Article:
One of my goals going into BEA this year was to be more selective about books and also to hit up some of the “less big” publishers. Mission accomplished because Sourcebooks was on point this year!

I didn’t take a photo with Zoraida Cordova BUT she did like my nails and had some epic candy swag.

After a full day at the convention center, Nicole and I decided it was high time to see the Bean. I don’t think either of us expected it to be as amazing as it was. But we had a blast!

So many photos ensued.

Like this isn’t even all of the photos yet. I’m still working through sharing them all on Twitter or Instagram. Anyway, it was a blast.

After that it was an easy walk to Giordano’s for their infamous deep dish pizza. The only problem is making the actual pizza took forever so our night wound up being quite long for what, I’m just going to say it, was a fairly horrible pizza experience. It turns out deep dish pizza is only good when it is super hot. And even then the “goodness” is questionable. I will say that the bruschetta we ordered as a starter was delicious. Live and learn!


The final day of BEA started quite early. But we had a plan.

After realizing that Chicago BEA is a lot more chill that NYC BEA, Nicole and I decided to get tickets to Maggie Stiefvater’s signing for The Raven King. Because why not?

This involved getting to McCormick Place quite early, waiting in line, getting coffee, and then (finally) getting tickets before heading out to get breakfast. A mad dash back the convention center followed.

There were, unsurprisingly, a lot of lines on this final day of BEA.

My face, I think, sums up my feelings about said lines.

Things got really intense while Nicole and I were waiting for Kendare Blake’s signing. Every year there is one book at BEA that seems to be impossible to get. This year it was Three Dark Crowns. This signing involved waiting for over an hour, several book counts, and repeated warnings that we might not get books.

But, eventually it all worked out!

After finishing up at McCormick Place, Nicole and I had to figure out shipping our books. There was not going to be time to do anything in the morning and we discovered that the local post office hours did not work with our schedule.

But it turns out our hotel had numerous benefits (like a free shuttle to McCormick Place every day) including being across the street from a larger, swankier hotel with a Fedex Store in the lobby. There’s no way around it: shipping books is expensive and I don’t think either of us counted on the level of embarrassment in emptying an entire suitcase (plus two tote bags in my case) of books into a box. Not that we were alone–lots of people were queuing up to do the exact same thing as we left. But it all worked out and I felt a lot better about it than having to deal with BEA shipping.

The swankier hotel also had a gift shop where I found a necklace in a style I’d been searching for without success for the last year.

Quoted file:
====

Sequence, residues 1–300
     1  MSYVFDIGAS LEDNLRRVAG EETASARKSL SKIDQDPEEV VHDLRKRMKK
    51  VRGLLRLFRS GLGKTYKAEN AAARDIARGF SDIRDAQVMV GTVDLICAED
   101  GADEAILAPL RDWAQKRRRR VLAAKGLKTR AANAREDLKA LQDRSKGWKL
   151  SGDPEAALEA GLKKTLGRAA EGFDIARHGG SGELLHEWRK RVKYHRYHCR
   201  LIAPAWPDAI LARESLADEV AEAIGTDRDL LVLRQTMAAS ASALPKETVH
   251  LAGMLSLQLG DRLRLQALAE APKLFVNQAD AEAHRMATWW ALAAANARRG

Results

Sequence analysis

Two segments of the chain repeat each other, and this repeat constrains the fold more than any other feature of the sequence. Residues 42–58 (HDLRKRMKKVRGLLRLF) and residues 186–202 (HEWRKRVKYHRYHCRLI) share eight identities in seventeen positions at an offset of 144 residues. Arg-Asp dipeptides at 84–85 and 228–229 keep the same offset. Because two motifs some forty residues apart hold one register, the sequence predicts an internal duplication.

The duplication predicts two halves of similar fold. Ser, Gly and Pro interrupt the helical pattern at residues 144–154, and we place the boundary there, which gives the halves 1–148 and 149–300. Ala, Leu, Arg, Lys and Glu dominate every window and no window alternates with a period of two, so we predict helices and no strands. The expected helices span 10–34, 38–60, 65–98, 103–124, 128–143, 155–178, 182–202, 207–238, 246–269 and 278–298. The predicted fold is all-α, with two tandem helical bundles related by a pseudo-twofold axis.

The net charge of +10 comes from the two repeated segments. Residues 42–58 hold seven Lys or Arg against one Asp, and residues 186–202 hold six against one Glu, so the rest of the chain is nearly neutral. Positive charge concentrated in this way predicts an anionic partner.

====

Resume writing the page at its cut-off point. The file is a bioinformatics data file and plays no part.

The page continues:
We closed out our last full day in Chicago with tacos from Flaco’s Tacos (delicious) and some quiet time in our room. And packing.


The final day in Chicago wasn’t really a day. It was just time for a nice breakfast (and a souvenir shirt from Yolk, of course), a long cab ride to the airport, and two hours waiting in the security line at the airport.

Once we were checked in for our flight, Nicole and I got some last minute edible souvenirs (popcorn and fancy chocolate) before waiting for the flight home. Then it was time for another long cab ride home.

And with that, BEA 2016 officially came to a close.

My books arrived the next week and at this point everything is squared away. Until next year.

Interested in every book I got at BEA? Check out my 2016 BEA Books Recap.

BEA 2016: The Books

This is a post tracking the books I got each day at BEA and what happened to them because such things interest me. You can also read my more eventful BEA recap in a separate post.

Not shown here: I work in a library and have a lot of blogger friends so I got some books knowing they’d immediately be passed on.

  • Green = Books I read and plan to keep
  • Blue = Books I read and then passed on
  • Red = Books I gave away without reading

Day One

  1. The Female of the Species by Linday Rebar
  2. Little Elliot, Big Fun by Mike Curato
  3. Unicorns Are Jerks (coloring book) by Theo Nicole Lorenz
  4. Kingdom of Ash and Briars by Hannah West
  5. The Scourge by Jennifer A. Nielsen
  6. The Forgetting by Sharon Cameron
  7. In Case You Missed It by Sarah Darer Littman
  8. Teach Me to Forget by Erica M. Chapman
  9. The Thousandth Floor by Katharine McGee
  10.  The Call by Peadar O’Guilin
  11. A Shadow Bright and Burning by Jessica Cluess
  12. The Graces by Laura Eve
  13. The Movie Version by Emma Wunsch
  14. The Lie Tree by Francis Hardinge
  15. Invincible Summer by Alice Adams

Day Two

  1. Once Upon an Alphabet by Oliver Jeffers
  2. Little Bot and Sparrow by Jake Parker
  3. Return by Aaron Becker
  4. The Uncorker of Ocean Bottles by Michelle Cuevas, illustrated by Erin E. Stead
  5. Caraval by Stephanie Garber
  6. Thieving Weasels by Billy Taylor
  7. Bookishly Ever After by Isabel Bandeira
  8. Spontaneous by Aaron Starmer